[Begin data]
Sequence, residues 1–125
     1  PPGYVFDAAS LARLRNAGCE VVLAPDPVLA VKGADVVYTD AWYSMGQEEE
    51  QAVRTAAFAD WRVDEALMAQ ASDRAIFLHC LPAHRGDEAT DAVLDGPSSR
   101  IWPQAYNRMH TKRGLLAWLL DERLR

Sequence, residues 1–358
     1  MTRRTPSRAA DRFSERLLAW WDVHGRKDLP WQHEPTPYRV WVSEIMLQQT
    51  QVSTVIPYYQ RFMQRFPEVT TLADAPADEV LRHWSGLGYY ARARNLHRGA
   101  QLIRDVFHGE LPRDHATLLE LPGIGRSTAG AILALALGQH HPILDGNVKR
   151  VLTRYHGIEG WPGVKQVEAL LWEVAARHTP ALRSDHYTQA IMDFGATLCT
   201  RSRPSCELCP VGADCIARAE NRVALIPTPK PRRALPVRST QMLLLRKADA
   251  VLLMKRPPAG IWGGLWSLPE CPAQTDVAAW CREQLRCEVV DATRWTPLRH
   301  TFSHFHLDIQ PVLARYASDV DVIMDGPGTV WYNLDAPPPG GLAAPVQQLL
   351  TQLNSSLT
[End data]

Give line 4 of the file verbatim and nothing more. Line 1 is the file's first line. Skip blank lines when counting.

   101  IWPQAYNRMH TKRGLLAWLL DERLR